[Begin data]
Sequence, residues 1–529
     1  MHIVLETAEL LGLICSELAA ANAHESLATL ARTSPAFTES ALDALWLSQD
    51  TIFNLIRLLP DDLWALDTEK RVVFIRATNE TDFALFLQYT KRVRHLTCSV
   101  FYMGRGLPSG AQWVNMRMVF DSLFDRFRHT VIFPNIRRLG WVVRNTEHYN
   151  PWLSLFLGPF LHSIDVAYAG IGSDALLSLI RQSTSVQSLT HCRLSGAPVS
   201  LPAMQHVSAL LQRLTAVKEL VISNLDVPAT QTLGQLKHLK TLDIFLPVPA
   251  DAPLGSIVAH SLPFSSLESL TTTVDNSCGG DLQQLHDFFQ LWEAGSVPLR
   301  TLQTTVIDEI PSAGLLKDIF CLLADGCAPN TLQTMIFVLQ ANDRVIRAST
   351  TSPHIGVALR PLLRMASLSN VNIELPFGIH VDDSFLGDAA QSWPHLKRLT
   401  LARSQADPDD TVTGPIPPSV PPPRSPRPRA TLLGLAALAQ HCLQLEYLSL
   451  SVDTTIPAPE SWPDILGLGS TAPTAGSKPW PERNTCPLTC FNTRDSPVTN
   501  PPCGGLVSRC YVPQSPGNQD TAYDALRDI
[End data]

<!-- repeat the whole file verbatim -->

Sequence, residues 1–529
     1  MHIVLETAEL LGLICSELAA ANAHESLATL ARTSPAFTES ALDALWLSQD
    51  TIFNLIRLLP DDLWALDTEK RVVFIRATNE TDFALFLQYT KRVRHLTCSV
   101  FYMGRGLPSG AQWVNMRMVF DSLFDRFRHT VIFPNIRRLG WVVRNTEHYN
   151  PWLSLFLGPF LHSIDVAYAG IGSDALLSLI RQSTSVQSLT HCRLSGAPVS
   201  LPAMQHVSAL LQRLTAVKEL VISNLDVPAT QTLGQLKHLK TLDIFLPVPA
   251  DAPLGSIVAH SLPFSSLESL TTTVDNSCGG DLQQLHDFFQ LWEAGSVPLR
   301  TLQTTVIDEI PSAGLLKDIF CLLADGCAPN TLQTMIFVLQ ANDRVIRAST
   351  TSPHIGVALR PLLRMASLSN VNIELPFGIH VDDSFLGDAA QSWPHLKRLT
   401  LARSQADPDD TVTGPIPPSV PPPRSPRPRA TLLGLAALAQ HCLQLEYLSL
   451  SVDTTIPAPE SWPDILGLGS TAPTAGSKPW PERNTCPLTC FNTRDSPVTN
   501  PPCGGLVSRC YVPQSPGNQD TAYDALRDI